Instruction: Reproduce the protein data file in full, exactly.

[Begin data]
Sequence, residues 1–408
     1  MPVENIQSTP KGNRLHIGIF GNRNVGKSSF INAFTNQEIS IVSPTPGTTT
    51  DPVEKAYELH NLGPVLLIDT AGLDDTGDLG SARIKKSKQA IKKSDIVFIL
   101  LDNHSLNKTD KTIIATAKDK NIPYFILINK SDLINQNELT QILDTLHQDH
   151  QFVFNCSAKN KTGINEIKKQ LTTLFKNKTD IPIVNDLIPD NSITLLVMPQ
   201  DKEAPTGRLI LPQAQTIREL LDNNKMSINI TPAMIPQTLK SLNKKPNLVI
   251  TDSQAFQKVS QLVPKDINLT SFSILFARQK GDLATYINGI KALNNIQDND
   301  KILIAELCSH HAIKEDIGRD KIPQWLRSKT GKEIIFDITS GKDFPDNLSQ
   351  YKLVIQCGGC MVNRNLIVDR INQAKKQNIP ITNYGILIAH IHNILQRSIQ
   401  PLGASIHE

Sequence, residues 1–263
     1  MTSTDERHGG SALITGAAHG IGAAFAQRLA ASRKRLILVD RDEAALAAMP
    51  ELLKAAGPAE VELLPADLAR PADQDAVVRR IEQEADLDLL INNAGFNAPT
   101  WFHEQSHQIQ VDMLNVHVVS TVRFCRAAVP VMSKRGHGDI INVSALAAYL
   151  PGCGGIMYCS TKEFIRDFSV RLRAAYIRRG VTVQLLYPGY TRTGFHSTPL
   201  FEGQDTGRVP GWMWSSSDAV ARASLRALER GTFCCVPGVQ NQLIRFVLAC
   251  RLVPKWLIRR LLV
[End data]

Sequence, residues 1–408
     1  MPVENIQSTP KGNRLHIGIF GNRNVGKSSF INAFTNQEIS IVSPTPGTTT
    51  DPVEKAYELH NLGPVLLIDT AGLDDTGDLG SARIKKSKQA IKKSDIVFIL
   101  LDNHSLNKTD KTIIATAKDK NIPYFILINK SDLINQNELT QILDTLHQDH
   151  QFVFNCSAKN KTGINEIKKQ LTTLFKNKTD IPIVNDLIPD NSITLLVMPQ
   201  DKEAPTGRLI LPQAQTIREL LDNNKMSINI TPAMIPQTLK SLNKKPNLVI
   251  TDSQAFQKVS QLVPKDINLT SFSILFARQK GDLATYINGI KALNNIQDND
   301  KILIAELCSH HAIKEDIGRD KIPQWLRSKT GKEIIFDITS GKDFPDNLSQ
   351  YKLVIQCGGC MVNRNLIVDR INQAKKQNIP ITNYGILIAH IHNILQRSIQ
   401  PLGASIHE

Sequence, residues 1–263
     1  MTSTDERHGG SALITGAAHG IGAAFAQRLA ASRKRLILVD RDEAALAAMP
    51  ELLKAAGPAE VELLPADLAR PADQDAVVRR IEQEADLDLL INNAGFNAPT
   101  WFHEQSHQIQ VDMLNVHVVS TVRFCRAAVP VMSKRGHGDI INVSALAAYL
   151  PGCGGIMYCS TKEFIRDFSV RLRAAYIRRG VTVQLLYPGY TRTGFHSTPL
   201  FEGQDTGRVP GWMWSSSDAV ARASLRALER GTFCCVPGVQ NQLIRFVLAC
   251  RLVPKWLIRR LLV